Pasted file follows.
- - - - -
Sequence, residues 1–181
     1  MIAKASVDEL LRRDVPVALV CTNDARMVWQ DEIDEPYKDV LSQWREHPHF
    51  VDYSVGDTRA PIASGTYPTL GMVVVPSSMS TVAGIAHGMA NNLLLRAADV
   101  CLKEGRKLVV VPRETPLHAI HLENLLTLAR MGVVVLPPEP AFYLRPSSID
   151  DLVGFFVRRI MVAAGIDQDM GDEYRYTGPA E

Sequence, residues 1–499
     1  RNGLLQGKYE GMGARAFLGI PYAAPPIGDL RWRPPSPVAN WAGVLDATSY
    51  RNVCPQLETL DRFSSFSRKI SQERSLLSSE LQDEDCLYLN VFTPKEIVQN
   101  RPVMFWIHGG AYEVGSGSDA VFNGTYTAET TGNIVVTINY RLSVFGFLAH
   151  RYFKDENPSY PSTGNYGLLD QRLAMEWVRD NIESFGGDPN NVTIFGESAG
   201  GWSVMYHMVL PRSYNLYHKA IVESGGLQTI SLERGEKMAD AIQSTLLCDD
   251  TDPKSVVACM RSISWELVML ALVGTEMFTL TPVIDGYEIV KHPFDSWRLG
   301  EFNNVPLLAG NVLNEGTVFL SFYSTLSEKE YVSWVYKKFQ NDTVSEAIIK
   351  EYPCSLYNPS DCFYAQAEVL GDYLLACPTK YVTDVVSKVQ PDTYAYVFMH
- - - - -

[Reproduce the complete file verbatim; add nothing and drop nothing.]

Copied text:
Sequence, residues 1–181
     1  MIAKASVDEL LRRDVPVALV CTNDARMVWQ DEIDEPYKDV LSQWREHPHF
    51  VDYSVGDTRA PIASGTYPTL GMVVVPSSMS TVAGIAHGMA NNLLLRAADV
   101  CLKEGRKLVV VPRETPLHAI HLENLLTLAR MGVVVLPPEP AFYLRPSSID
   151  DLVGFFVRRI MVAAGIDQDM GDEYRYTGPA E

Sequence, residues 1–499
     1  RNGLLQGKYE GMGARAFLGI PYAAPPIGDL RWRPPSPVAN WAGVLDATSY
    51  RNVCPQLETL DRFSSFSRKI SQERSLLSSE LQDEDCLYLN VFTPKEIVQN
   101  RPVMFWIHGG AYEVGSGSDA VFNGTYTAET TGNIVVTINY RLSVFGFLAH
   151  RYFKDENPSY PSTGNYGLLD QRLAMEWVRD NIESFGGDPN NVTIFGESAG
   201  GWSVMYHMVL PRSYNLYHKA IVESGGLQTI SLERGEKMAD AIQSTLLCDD
   251  TDPKSVVACM RSISWELVML ALVGTEMFTL TPVIDGYEIV KHPFDSWRLG
   301  EFNNVPLLAG NVLNEGTVFL SFYSTLSEKE YVSWVYKKFQ NDTVSEAIIK
   351  EYPCSLYNPS DCFYAQAEVL GDYLLACPTK YVTDVVSKVQ PDTYAYVFMH